FAQ
maybe i am just approaching the problem the right way so in case you have
some alternative suggestions, I am listening. Here is my problem:

I have this code that loads a lot of data on startup (around 2 Gb
in-memory). I was looking to optimize it and profiled the CPU usage. The
result clearly showed that the program was generating too much garbage
(only GC related functions showed up in the top10 output).

To track that down, i tried to run a memory profile. That did not work as
expected because of the amount of memory loaded on startup, the memory
profile only showed the code paths related with this initial data loading
and nothing else.

So i thought that if there was a way for me to say something like "Data was
loaded. Clear memory stats now" i would be able to see what is actually
happening.

Does this make any sense at all? If now, any alternatives?

Thanks in advance.

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  • Péter Szilágyi at Oct 28, 2013 at 12:00 pm
    Hi,

       I don't know how to reset the profiler, but just a thought: why don't you
    start the profiler only after loading the data [1]?

    Cheers,
       Peter

    [1] http://golang.org/pkg/runtime/#SetBlockProfileRate

    On Mon, Oct 28, 2013 at 12:37 PM, Bruno Albuquerque wrote:

    maybe i am just approaching the problem the right way so in case you have
    some alternative suggestions, I am listening. Here is my problem:

    I have this code that loads a lot of data on startup (around 2 Gb
    in-memory). I was looking to optimize it and profiled the CPU usage. The
    result clearly showed that the program was generating too much garbage
    (only GC related functions showed up in the top10 output).

    To track that down, i tried to run a memory profile. That did not work as
    expected because of the amount of memory loaded on startup, the memory
    profile only showed the code paths related with this initial data loading
    and nothing else.

    So i thought that if there was a way for me to say something like "Data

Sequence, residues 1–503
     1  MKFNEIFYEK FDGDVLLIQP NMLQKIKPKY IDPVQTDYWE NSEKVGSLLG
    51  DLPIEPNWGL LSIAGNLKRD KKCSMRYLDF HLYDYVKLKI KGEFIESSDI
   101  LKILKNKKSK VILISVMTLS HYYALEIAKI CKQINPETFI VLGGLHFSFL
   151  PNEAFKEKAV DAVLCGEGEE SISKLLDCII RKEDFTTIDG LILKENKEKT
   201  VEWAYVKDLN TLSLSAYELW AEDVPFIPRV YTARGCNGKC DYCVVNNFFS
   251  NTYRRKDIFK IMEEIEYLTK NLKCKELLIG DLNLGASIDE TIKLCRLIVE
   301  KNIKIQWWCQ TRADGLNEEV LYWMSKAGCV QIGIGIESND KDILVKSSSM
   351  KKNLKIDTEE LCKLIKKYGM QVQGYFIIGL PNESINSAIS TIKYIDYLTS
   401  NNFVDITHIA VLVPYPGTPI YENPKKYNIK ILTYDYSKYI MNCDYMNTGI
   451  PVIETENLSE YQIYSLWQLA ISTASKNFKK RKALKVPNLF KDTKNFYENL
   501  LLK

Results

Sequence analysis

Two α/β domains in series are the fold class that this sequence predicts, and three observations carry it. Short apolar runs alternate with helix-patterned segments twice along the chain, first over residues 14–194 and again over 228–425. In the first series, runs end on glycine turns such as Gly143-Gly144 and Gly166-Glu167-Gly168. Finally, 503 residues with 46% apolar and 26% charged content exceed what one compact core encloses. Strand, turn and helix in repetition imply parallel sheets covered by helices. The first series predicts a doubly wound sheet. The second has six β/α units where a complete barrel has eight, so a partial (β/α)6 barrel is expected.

was loaded. Clear memory stats now" i would be able to see what is actually
    happening.

    Does this make any sense at all? If now, any alternatives?

    Thanks in advance.

    --
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    email to golang-nuts+unsubscribe@googlegroups.com.
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  • Bruno Albuquerque at Oct 28, 2013 at 3:10 pm
    Thanks for the suggestion. This did not seem to wok as expected (at least
    when profiling using the test facilities). I will try to manually profile
    it and see if it helps.

    -Bruno


    On Mon, Oct 28, 2013 at 10:00 AM, Péter Szilágyi wrote:

    Hi,

    I don't know how to reset the profiler, but just a thought: why don't
    you start the profiler only after loading the data [1]?

    Cheers,
    Peter

    [1] http://golang.org/pkg/runtime/#SetBlockProfileRate

    On Mon, Oct 28, 2013 at 12:37 PM, Bruno Albuquerque wrote:

    maybe i am just approaching the problem the right way so in case you have
    some alternative suggestions, I am listening. Here is my problem:

    I have this code that loads a lot of data on startup (around 2 Gb
    in-memory). I was looking to optimize it and profiled the CPU usage. The
    result clearly showed that the program was generating too much garbage
    (only GC related functions showed up in the top10 output).

    To track that down, i tried to run a memory profile. That did not work as
    expected because of the amount of memory loaded on startup, the memory
    profile only showed the code paths related with this initial data loading
    and nothing else.

    So i thought that if there was a way for me to say something like "Data
    was loaded. Clear memory stats now" i would be able to see what is actually
    happening.

    Does this make any sense at all? If now, any alternatives?

    Thanks in advance.

    --
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    "golang-nuts" group.
    To unsubscribe from this group and stop receiving emails from it, send an
    email to golang-nuts+unsubscribe@googlegroups.com.
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  • Bruno Albuquerque at Oct 28, 2013 at 3:24 pm
    In fact, I just noticed that SetBlockProfileRate is not related to memory
    profiling at all.

    In any case, it seems the -benchmem option for tests can at least give me a
    rough idea of how big the issue is. And it seems to be big:

    BenchmarkCode 20 110851351 ns/op 16353639 B/op 339567 allocs/op

    if i am reading it right, a single iteration of the code I am benchmarking